It is workplace (too) that makes us exchange information and knowledge

Harvard Business review published recently an interesting piece by Ben Waber, Jennifer Magnolfi and Greg Lindsay on Workspaces That Move People. The authors describe and discuss a number of examples of new types of workplaces that make people to interact with each other, unexpectedly to bump into other people and to break the routine. Authors discuss concepts of real-time office, permeable office, office networks, office neighbourhoods, office-as-a-service and new guilds. 

The fundamental observation of the authors on the crucial influence of the workplace setting is easy to agree with when thinking about the plethora of workplaces I have visited and studied. Archeological site and its configuration and how people are placed in the space have an impact on what archaeologists observe and how, and how they document their observation and consequently, what we know about the past. The same applies to public and private organisations. The most common source of information is the people sitting next to you and depending on where and how he or she is available, influences our possibilities to interact with him/her.

The observation is highly actual also with students and studying as I recently discussed in a presentation on how students conceptualise their courses (abstract in Swedish) at the NU2014 conference in Umeå. The ways how courses and programmes are organised in the space and place have a major impact on how students conceptualise their learning and interaction with others including fellow students and their teachers, coaches, facilitators and advisors. Instead of trying to make people not to think their physical surroundings there is much to do in designing workplaces that afford particular types of work and knowledge and information exchange as Waber et al. aptly describe.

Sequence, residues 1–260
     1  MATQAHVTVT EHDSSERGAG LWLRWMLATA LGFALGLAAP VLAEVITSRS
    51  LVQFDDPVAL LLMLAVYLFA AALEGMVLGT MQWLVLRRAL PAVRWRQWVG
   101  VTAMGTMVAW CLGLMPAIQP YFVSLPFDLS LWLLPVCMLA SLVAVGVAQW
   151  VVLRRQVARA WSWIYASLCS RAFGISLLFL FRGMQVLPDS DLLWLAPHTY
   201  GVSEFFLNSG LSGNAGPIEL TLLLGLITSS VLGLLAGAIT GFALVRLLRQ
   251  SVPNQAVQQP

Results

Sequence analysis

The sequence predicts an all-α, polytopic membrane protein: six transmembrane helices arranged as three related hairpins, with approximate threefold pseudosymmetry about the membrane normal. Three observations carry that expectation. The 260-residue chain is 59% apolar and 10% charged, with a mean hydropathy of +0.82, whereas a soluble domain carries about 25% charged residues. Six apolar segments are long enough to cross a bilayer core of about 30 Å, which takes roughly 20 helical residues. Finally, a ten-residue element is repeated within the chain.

Information Services and Digital Literacy provides an alternative perspective for understanding information services and digital literacy, and argues that a central problem in the age of the social web and the culture of participation is that we do not know the premises of how we know, and how ways of interacting with information affect our actions and their outcomes.

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Taking Health Information Behaviour into Account: implications of a neglected element for success- ful implementation of consumer health technologies on older adults (HIBA) is an Academy of Finland funded research project at Åbo Akademi University.

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ARKDIS project maps the implications and opportunities of the digitalisation of information and information work in the domain of archaeology and to develop and evaluate conceptual and practical methods and procedures for enhancing archaeological information work in the digitalised environment.

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